Strauss composed his Sechs Lieder, Op. 17 to poems of Adolf Friedrich von Schack in 1885 - 1887, around the time he was serving as the court music director in Meiningen (1885 - 1886) and moving from Meiningen to Munich, where he lived from 1886 to 1889, working as the Court Opera's third conductor. Between the Opus 10 and Opus 17 songs, Strauss had composed such works as his Second Symphony (1884) and his "symphonic fantasy" Aus Italien (1886), as well as another collection of songs to texts of Michelangelo and Schack, the Fünf Lieder, Op. 15 (1884 - 1886). Although Ständchen proved to be one of Strauss' most popular songs, the composer always claimed it embarrassed him, a perplexing notion given that the song displays Strauss' compositional virtuosity in all its brilliance and his flirtatious sense of play at its peak.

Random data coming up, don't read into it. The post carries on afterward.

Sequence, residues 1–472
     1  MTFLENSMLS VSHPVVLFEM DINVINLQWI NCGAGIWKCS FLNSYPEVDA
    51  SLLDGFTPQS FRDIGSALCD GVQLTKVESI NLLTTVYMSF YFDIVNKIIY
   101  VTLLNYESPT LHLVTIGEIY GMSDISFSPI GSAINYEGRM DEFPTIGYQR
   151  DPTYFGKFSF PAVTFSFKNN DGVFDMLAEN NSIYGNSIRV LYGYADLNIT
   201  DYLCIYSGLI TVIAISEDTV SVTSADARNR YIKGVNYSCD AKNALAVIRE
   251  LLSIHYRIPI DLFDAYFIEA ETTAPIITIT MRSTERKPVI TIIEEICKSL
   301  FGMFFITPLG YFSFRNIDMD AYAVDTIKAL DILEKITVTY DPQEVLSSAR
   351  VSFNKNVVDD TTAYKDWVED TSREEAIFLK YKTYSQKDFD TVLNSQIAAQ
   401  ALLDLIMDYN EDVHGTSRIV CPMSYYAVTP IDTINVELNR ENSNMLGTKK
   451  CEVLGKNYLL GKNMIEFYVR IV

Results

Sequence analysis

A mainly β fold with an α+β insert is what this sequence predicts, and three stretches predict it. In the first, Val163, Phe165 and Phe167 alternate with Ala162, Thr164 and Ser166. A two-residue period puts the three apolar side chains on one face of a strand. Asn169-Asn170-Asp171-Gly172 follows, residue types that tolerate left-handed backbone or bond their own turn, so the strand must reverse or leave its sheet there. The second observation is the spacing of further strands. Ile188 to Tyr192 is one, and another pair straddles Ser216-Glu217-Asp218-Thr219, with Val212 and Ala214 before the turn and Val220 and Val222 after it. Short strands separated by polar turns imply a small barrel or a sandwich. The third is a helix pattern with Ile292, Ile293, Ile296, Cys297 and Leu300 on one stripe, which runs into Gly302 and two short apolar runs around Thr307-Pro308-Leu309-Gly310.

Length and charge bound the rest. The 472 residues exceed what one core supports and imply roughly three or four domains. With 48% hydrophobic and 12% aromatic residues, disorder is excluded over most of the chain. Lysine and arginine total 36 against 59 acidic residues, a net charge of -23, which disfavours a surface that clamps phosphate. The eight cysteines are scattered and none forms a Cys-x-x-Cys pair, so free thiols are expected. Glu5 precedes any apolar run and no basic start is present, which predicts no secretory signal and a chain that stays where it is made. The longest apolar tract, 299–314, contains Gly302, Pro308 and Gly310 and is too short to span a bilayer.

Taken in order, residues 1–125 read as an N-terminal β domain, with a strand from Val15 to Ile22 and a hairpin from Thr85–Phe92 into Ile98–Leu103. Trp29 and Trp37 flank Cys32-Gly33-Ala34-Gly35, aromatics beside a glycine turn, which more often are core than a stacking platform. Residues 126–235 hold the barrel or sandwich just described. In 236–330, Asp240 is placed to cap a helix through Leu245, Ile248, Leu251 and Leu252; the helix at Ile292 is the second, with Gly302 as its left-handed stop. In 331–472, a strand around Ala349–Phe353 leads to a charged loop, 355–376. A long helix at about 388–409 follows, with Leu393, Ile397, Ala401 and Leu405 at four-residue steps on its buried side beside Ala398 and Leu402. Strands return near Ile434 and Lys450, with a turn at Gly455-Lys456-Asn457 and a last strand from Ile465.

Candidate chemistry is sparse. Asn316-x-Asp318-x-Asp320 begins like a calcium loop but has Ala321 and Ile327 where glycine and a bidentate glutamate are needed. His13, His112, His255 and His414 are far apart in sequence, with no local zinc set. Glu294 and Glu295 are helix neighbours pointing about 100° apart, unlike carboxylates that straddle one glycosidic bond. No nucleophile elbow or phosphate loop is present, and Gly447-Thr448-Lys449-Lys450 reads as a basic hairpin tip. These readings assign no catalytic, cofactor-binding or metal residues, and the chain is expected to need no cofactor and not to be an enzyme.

Strauss' musical setting brings to life the excitement of the clandestine tryst in Adolf Friedrich von Schack's poem. The piano accompaniment bristles expectantly with constant sixteenth-note arpeggios, slowing into brief chordal cadences only at the ends of the first two text strophes. The soprano melody begins with repeated octave leaps -- a reveille from the lover to his beloved -- and unfolds in a sprightly combination of leaps and scalar waves, short and long note values. Even the song's F sharp major tonality, the key of magic and dreaminess in Strauss' system of tonal symbolism, conspires to convey in the first two strophes of the text the nervous anticipation of the assignation. A downward shift from brilliant F sharp major to the flat VI key (D major) at the beginning of the third strophe is a clever representation of the text "Sitz' nieder, hier dämmerts geheimnissvoll unter den Lindenbäumen" ("Sit down! The darkness is mysterious here / Under the lime trees"), the flat VI key being a quintessentially Romantic musical symbol for the mysterious and magical. Strophe three, different from the preceding two strophes in key, melody, harmonic progression, and fidelity to the prosody of the text, thus rubs against the strophic construction of the poem itself. The piano postlude concludes the song with an arpeggiated dominant-tonic cadence in the upper register -- two tosses of glittering magic dust.